A dangerous notion is afoot – that an employer too small for “employer mandate” taxation under 26 U.S.C. § 4980H is therefore “exempt from Obamacare,” as we have heard it said too often.   That’s wrong for many reasons.  Every employer sponsoring a group health plan is obligated to comply with applicable coverage, cost sharing and anti-discrimination mandates, whether or not the employer is required to offer coverage at all.  Here’s one example that’s currently getting too little attention.

By adding new § 2716 to the Public Health Service Act, the ACA directed DOL, HHS and IRS to adopt for fully-insured plans non-discrimination rules like those already applicable to self-funded plans.  Violations would subject the plan to ERISA suits and to Code § 4980D taxes or PHS Act civil money penalties of $100 per day per non-highly compensated individual.  About six months later, the IRS renewed the warning in Notice 2010-63, inviting, “comments on what additional guidance relating to the application of section 105(h) (2) would be helpful with respect to insured group health plans.”

In Notice 2011-1 (December 2010), the IRS warned again that, “if a self-insured plan fails to comply with § 105(h), highly compensated individuals lose a tax benefit; if an insured group health plan fails to comply with § 2716, the plan or plan sponsor may be subject to an excise tax, civil money penalty, or a civil action to compel it to provide nondiscriminatory benefits,” adding that grandfathered, fully-insured plans will be exempt from the new rules.  Notice 2011-1 also told us that –

compliance with § 2716 should not be required (and thus, any sanctions for failure to comply do not apply) until after regulations or other administrative guidance of general applicability has been issued under § 2716. In order to provide insured group health plan sponsors time to implement any changes required as a result of the regulations or other guidance, the Departments anticipate that the guidance will not apply until plan years beginning a specified period after issuance.  Before the beginning of those plan years, an insured group health plan sponsor will not be required to file IRS Form 8928 with respect to excise taxes resulting from the incorporation of PHS Act § 2716 into § 9815 of the Code.

Comments were invited on these thirteen topics (summarized briefly here):

  1. What “benefits” should be tested?  “For example, is the rate of employer contributions toward the cost of coverage (or the required percentage or amount of employee contributions) or the duration of an eligibility waiting period treated as a “benefit” that must be provided on a nondiscriminatory basis?”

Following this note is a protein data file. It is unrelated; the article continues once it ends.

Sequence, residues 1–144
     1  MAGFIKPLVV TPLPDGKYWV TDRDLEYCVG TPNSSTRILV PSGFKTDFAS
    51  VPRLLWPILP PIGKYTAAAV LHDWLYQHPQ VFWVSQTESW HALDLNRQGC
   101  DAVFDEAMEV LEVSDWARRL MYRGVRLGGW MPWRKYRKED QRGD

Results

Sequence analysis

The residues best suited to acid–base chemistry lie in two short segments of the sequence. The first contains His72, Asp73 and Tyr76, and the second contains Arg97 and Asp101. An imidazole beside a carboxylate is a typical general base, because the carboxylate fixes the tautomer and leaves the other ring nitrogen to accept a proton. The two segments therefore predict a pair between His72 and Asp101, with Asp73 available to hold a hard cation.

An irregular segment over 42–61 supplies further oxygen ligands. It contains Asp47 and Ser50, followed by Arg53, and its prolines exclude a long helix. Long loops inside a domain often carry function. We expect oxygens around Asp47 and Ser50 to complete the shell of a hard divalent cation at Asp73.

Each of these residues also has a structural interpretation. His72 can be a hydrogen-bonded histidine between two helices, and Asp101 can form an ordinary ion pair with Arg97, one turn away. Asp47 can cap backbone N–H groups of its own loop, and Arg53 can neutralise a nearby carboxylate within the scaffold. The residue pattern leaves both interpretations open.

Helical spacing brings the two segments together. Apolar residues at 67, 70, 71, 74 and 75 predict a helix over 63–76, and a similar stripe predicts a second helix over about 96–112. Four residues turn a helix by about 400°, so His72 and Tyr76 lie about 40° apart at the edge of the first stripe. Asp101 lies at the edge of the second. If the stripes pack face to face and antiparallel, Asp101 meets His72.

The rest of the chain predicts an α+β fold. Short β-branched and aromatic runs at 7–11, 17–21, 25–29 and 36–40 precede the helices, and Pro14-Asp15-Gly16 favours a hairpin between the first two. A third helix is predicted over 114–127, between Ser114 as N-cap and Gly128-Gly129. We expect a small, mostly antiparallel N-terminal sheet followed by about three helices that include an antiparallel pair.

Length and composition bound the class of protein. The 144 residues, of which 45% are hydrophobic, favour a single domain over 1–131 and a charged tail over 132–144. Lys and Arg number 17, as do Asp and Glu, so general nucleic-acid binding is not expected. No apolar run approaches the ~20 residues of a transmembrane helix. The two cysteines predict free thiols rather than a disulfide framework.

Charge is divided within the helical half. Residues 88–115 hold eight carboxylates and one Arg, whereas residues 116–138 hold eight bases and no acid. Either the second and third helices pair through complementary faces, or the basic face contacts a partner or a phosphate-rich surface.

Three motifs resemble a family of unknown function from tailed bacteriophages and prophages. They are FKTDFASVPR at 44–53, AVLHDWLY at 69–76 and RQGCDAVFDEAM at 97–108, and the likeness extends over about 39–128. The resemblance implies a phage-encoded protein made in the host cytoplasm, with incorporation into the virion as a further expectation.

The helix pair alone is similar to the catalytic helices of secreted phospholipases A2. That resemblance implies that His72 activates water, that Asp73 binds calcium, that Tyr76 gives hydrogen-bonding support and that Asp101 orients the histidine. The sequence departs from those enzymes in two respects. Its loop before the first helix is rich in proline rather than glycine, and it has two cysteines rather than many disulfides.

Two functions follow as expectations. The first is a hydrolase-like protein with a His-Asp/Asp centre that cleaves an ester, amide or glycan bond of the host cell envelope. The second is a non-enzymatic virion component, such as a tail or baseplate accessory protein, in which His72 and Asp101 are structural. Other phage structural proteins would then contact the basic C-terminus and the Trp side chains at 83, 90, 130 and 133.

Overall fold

2. Should there be an alternative that tests only coverage availability?
  3. How this relates to employer and individual mandate taxation.
  4. Which employee groups might be tested separately.
  5. Which separate employer locations might be tested separately.
  6. Safe harbor options.
  7. Aggregation of “substantially similar” coverages.
  8. Application to expatriate employees.
  9. Application to multi-employer plans.
  10. Testing, or not, of after-tax coverages provided to the highly compensated.
  11. Treatment of voluntary waivers of employer coverage.
  12. Treatment of corporate mergers, acquisitions and similar transactions.
  13. Penalty application.

The anticipated rules next were referenced next in a set of proposed rules on “wraparound” plans, published on Christmas Eve, 2013.  See 78 Fed. Reg. 77,740, to be codified at 26 CFR § 54.9831-1(c)(3)(vi).  Neither the rule text nor the preamble gave any further hint about the content of the coming rules.  See 79 Fed. Reg. 77,636.

Then, news broke in January 2014 that the IRS would delay issuance of related ACA rules until after the November 2014 elections, perhaps well into 2015.   That caused many employers to tune out.

We suspect that existing rules for self-funded plans are being reconsidered and perhaps rewritten to match the new rules for fully-insured plans.  If so, the new rules could make a big splash with small employers who have adopted self-funded plans to escape the ACA’s impact on their insurance markets.  A lot is happening that deserves the attention of employers large and small. Don’t get caught napping.